The correct stabilizer can have a huge impact on whether or not a job succeeds or fails. Of course, we all know that specific embroiderer who only uses one type of stabilizer for every job regardless of fabric or design, and does well. In most cases, however, a the right combination of stabilizer, fabric and design is necessary for embroidery to proceed smoothly and for the finished product to look its best. Choosing the correct stabilizer can make your production faster, your sew-out run more smoothly and your finished product look better. Because the decision of which stabilizer to use for a particular job can have such an impact, it seems only right to provide some tips on how to choose.
Let’s start with the types of stabilizer. At the most basic level, your choice will involve either cutaway or tearaway stabilizer. Even if you choose a specialty stabilizer for your project, it will most likely fit into one of those two categories. Because of this fact, knowing when and why you might want to use a particular type is crucial.
We’ll start with tearaway stabilizer. This type, as the name implies, tears away, so it is often easier and faster to remove. If you have a job with time constraints, where cutting away a stabilizer might take too much time, tearaway stabilizer may be a good option.
Cutaway stabilizer, as a general rule, has less stretch to it than tearaway, which makes it the preferred option for performance wear or other types of stretchy fabrics. Cutaway stabilizer may also be a good choice for delicate fabrics when pulling hard enough to tear a tearaway stabilizer away would perhaps cause damage to the fabric itself.
Your choice of stabilizer should take into account the following things:
- The qualities of the fabric
- Requirements of the design
- Time available
The right stabilizer choice should improve both your sew-out and your production time, as well as reducing the amount of effort and time needed to make the final product look its best.
The second thing to consider is stabilizer weight. No one likes the look of a stitch-out that is extremely stiff or weighed down with a huge wad of backing. The general rule is that light weight fabrics should be stabilized by a light weight stabilizer, and heavier fabrics with a heavier stabilizer. The ultimate goal is to find a stabilizer that will stabilize the stitch-out without weighing down or distorting the fabric.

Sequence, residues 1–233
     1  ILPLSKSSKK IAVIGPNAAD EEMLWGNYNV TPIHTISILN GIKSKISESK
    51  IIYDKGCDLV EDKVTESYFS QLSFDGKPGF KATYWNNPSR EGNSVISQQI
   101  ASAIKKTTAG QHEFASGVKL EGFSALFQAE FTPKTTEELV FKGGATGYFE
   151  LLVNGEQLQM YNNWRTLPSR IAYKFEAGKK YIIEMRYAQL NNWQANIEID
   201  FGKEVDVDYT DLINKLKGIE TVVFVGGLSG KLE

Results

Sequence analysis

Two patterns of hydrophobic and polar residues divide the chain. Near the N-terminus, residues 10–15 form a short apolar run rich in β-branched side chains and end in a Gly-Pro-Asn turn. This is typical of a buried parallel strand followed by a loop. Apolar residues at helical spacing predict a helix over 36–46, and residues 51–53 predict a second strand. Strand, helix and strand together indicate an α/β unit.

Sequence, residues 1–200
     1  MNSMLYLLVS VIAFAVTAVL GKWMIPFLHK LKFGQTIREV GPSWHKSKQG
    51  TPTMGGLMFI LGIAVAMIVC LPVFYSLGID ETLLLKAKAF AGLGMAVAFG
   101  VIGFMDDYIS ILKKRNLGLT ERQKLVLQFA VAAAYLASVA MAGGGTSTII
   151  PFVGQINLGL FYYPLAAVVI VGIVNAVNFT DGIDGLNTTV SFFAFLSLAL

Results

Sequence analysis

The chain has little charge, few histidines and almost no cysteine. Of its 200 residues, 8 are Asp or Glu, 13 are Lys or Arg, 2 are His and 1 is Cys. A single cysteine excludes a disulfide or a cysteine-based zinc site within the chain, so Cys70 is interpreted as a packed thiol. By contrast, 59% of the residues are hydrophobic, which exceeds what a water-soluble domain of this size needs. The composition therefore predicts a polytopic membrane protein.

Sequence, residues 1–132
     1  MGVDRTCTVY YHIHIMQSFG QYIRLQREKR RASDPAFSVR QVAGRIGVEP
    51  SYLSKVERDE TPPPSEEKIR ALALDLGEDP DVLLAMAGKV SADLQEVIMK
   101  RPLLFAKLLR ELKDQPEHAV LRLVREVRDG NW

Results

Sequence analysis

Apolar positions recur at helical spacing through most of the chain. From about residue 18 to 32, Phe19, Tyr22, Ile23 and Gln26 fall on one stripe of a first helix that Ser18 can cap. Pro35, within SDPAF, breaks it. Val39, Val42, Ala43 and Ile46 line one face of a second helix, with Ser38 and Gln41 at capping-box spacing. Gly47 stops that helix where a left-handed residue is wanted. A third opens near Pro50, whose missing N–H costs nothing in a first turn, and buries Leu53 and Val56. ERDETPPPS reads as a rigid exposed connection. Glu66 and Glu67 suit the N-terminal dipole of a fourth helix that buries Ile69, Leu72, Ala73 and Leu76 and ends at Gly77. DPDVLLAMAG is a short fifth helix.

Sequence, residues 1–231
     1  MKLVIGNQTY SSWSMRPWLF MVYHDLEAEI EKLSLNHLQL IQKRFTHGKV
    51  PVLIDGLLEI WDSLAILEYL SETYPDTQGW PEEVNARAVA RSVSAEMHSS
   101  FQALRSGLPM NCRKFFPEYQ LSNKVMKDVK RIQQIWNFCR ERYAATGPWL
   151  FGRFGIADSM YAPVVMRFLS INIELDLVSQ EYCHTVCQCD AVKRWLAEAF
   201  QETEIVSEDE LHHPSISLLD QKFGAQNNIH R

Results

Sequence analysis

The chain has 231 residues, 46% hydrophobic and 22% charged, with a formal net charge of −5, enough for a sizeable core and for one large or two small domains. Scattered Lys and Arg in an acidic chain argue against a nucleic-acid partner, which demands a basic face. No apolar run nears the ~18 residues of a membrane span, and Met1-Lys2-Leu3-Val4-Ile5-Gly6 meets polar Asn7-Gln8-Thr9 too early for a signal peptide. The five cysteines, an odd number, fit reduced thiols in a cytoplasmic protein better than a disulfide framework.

Don’t neglect the fact that the selection of a stabilizer can have a huge impact on how the design works. Specialty stabilizers are designed to work in particular situations and with particular types of fabric, so don’t pass over those options when selecting a stabilizer to use. A specialty stabilizer can have a great impact on how well a design runs and the appearance of the design when it is completed. Some specific specialty backings that should be considered in specific situations include:
- Poly Mesh (Also called No Show Mesh) can be a useful option for polos and lightweight fabrics.
- Fusible Poly Mesh (Also known as Cloud Cover) is useful for covering the back of an embroidered design to avoid scratching sensitive skin. It can also be useful for mitigating the stretching of performance wear.
- R2000 (Also known as Action Back) (a polypropylene stabilizer) is designed to work with performance wear and to counter the problem of stretching.
- Adhesive stabilizer (Also known as Sticky Back, Sticky or Peel N Stick) is useful for items that are too small to hoop on their own. It can also be used with performance wear to counter the stretching of the fabric.
- Water soluble topping (Also knows as Solvy or cutaway/washaway) can be used as a topping or a backing. Water soluble can help monograms and other embroidery stand out on fleece or towels. Badgemaster is a useful option for patches. Cutaway/washaway is the perfect option if you want to make freestanding lace.
As has been noted previously, some embroiderers can go their entire careers and use only one type of stabilizer, and that may work for some people. The question is, why would you resist using all the options available? Specialty stabilizers have a variety of functions and qualities that may contribute to the smoother running of your jobs and faster production times. They can also offer the possibility of a higher quality finished design. It is true that the cost of some of the specialty stabilizers may be slightly higher, the end result will be well worth the slightly higher expense.
Stabilizer is the foundation on which everything else contained in an embroidery design is built. Just as you wouldn’t build your house on a quicksand or a volcano, don’t build your embroidery with a stabilizer that can’t stand up to the requirements of the job. Choose your stabilizer with care and after giving thought to the requirements of the fabric and the stitch-out. Taking the time to make an informed and educated decision will ensure that your final choice will be a stabilizer that can meet the requirements of your design and product schedule.